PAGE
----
I’d gotten to this line of thinking by the end of 2004.  And, I did nothing.  I changed nothing about myself.  I just stayed lost.

Why?  For lack of a better phrase, I was scared shitless.

Let me break down why: I’ve always loved learning and challenging my mind.  But if I did an honest assessment of the other areas, I was coming up with consistently failing grades.  My body had taken a backseat (dear God, I’d started smoking!!!).  My soul?  Well, I “shared” in the context of my job, but that’s the closest I came to being a decent human being.  And openness to the mysteries in the world?  Well, I had earlier rejected (rather explicitly) every teaching of the Catholic Church I’d been brought up in, and had been thoroughly trained in the hard-science atheistic school of modern neo-liberalism and had a severe gut problem with concepts like God, spirituality, and anything outside the realm of eventual explanation by rational thought.  I was well short of any ideal of perfection, and any change I made would expose me to feelings of intense discomfort.  I was hove-to and drifting for many months, knowing change was necessary but doing nothing.

And then I decided to apply the Teachings of the Cortez School of Management to myself.  The teachings of Cortez School of Management are very simple.

Hernando Cortez was the Spanish man credited with taking over the Aztec empire[1]. He landed on the coasts of America with a crew that had been at sea for months.  He knew they had miles to march still.  So he took his crew and he told them of the glories they were about to see.  He told them of the riches they were about to make.  He told them of the celebrity they would enjoy once they returned.  In short, he gave them a dream they could believe in.  And believe they did.  They were so excited they gathered their gear and began marching that day.  And then, when they’d marched out of sight of the boats, he sent back some trusted men and to burn all the boats.  When his men found out they were outraged, but Cortez pointed out that all elements of the dream still existed, but now they had an extra incentive.  Their only option now was to pursue the dream!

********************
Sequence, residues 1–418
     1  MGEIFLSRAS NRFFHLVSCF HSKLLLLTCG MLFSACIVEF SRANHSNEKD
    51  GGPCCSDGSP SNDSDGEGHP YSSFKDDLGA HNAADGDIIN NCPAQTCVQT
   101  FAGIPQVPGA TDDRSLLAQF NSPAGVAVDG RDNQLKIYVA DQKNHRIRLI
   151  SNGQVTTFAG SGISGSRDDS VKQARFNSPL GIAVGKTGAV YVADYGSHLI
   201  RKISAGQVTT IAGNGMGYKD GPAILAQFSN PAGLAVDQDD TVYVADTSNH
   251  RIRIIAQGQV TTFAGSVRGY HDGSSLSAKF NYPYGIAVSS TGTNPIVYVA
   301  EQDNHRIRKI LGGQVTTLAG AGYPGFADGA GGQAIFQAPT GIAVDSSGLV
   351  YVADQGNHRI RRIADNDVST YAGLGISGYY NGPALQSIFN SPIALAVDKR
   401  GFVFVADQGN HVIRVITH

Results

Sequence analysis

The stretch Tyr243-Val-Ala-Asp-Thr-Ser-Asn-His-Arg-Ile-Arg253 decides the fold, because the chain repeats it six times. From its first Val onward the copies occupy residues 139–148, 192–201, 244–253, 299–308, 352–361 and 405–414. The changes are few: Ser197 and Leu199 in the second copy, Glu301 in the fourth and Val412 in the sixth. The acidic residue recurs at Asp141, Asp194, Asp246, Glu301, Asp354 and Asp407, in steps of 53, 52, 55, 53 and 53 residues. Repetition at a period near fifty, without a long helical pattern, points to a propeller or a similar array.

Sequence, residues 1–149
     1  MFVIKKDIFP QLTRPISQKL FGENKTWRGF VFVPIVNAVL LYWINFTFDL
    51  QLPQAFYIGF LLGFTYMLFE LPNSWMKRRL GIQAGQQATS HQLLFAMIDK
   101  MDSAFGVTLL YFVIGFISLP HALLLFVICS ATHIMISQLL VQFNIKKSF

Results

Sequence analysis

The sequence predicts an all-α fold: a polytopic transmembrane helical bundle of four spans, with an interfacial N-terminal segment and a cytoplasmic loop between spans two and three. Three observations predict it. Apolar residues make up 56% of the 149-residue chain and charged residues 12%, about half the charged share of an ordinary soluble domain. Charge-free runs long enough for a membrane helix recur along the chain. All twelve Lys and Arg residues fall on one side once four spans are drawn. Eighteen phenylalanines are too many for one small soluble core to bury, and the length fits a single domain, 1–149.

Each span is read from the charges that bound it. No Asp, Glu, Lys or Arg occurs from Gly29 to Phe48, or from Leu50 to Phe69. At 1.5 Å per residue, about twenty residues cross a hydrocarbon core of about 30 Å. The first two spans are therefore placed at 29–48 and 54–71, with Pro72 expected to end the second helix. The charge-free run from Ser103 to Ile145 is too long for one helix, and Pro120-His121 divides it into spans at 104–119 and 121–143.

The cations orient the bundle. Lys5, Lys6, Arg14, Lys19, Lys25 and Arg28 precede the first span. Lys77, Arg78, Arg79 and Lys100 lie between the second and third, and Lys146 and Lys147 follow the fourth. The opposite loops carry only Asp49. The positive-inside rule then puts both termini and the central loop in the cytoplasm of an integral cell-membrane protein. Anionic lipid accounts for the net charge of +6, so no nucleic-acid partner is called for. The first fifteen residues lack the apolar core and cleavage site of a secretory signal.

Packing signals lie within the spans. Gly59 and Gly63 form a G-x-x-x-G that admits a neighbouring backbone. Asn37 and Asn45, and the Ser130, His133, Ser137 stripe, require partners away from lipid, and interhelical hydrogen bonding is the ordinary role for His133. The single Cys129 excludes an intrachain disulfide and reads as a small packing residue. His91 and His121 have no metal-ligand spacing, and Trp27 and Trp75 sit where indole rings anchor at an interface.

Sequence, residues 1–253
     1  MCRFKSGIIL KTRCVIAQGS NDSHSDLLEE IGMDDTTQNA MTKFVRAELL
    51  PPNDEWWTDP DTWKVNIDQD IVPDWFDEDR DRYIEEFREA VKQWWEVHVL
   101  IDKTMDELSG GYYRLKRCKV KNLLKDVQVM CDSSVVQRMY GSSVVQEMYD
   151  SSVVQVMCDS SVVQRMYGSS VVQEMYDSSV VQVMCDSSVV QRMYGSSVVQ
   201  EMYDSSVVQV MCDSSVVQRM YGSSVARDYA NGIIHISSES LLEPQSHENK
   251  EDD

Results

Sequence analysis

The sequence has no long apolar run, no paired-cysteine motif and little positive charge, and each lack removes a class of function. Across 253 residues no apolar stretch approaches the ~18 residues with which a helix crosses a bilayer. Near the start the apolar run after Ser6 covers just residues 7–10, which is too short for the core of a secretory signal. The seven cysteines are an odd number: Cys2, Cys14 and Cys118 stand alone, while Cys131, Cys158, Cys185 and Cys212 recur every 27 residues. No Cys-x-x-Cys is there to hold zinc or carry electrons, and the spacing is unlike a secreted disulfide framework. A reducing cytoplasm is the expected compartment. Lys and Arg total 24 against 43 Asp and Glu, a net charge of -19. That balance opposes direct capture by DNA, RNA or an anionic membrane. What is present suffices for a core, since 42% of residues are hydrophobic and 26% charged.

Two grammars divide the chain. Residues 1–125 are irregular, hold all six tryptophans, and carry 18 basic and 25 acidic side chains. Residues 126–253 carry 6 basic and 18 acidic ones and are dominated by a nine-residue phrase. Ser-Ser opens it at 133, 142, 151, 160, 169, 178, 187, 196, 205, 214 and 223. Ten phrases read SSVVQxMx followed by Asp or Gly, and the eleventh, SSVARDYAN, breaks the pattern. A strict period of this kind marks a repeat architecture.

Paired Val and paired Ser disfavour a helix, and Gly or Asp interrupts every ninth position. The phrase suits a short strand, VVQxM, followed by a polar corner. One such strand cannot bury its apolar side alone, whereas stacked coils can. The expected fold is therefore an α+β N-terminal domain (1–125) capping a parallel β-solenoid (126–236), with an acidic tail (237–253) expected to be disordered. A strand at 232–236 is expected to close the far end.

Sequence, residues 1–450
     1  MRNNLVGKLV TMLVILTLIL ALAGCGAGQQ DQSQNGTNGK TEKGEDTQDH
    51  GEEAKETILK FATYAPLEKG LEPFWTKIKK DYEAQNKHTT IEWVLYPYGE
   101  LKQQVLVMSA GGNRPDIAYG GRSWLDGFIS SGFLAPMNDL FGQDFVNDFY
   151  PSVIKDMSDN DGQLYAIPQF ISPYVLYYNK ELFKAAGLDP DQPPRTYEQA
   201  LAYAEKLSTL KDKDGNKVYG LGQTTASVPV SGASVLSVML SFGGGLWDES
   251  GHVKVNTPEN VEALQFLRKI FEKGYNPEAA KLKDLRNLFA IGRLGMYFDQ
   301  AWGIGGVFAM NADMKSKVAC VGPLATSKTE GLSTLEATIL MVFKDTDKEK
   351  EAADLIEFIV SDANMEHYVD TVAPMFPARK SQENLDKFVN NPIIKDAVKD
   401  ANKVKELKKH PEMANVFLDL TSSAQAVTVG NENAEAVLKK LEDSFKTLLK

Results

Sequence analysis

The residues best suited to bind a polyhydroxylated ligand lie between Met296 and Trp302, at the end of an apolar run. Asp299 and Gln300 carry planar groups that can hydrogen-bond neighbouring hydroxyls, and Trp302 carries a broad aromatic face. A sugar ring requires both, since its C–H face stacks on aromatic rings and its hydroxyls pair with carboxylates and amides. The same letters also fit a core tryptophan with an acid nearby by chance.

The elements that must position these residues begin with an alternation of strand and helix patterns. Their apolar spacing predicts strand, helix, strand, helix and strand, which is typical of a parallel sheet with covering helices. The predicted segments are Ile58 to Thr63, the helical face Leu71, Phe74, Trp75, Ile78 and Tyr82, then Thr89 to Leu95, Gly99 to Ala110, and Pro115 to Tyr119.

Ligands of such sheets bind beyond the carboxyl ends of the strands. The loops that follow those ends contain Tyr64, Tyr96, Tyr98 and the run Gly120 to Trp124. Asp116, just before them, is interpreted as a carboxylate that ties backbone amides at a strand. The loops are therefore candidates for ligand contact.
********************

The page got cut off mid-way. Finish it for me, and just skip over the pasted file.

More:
The Cortez School of Management teaches two things:

  • 1) Dream big.
  • 2) Remove any options to back out of achieving the dream.

In work I’ve applied the principle several times.  I inherited a project management team at my former employer that had been referred to as “the biggest internal problem we have” by several folks on the executive management team.  I helped the team come up with a dream of being a well respected team by coming up with some great ideas we could implement for “4-week quick wins” to show the company we were for real (the dream).  And then I publically committing us to ship that list (and now there was no going back).  I even publically name each person responsible for delivering each win.  I thoroughly burnt the boats.  (Right afterwards, one of the team came to me in a panic because she thought she wouldn’t really have to do it.)  Well wow, did folks get that stuff done – there is immense power in publically holding people responsible to their commitments.  Within 12 months the team had a totally different (and better) reputation and attitude!

Another time, I wanted to grow my career outside of just engineering, but I was scared to do so, afraid I’d look like an idiot when I tried to present to business folks about technical ideas, or to technical folks about business ideas.  But I dreamed of being really successful; of wowing clients whenever I worked with them; of moving fluently between the technical and business worlds.  And then, I quit my engineering job completely and joined the sales team where the only way to succeed was to face that fear head-on with no opportunity to go back.  I didn’t take a half-step into the shallow end – I removed all flotation devices and jumped into the ocean.  And what do you know?  I learned to swim pretty damn quickly.

So, in late 2005 I saw an opportunity to apply the Cortez School of Management to my (failed) attempts to change my path in life.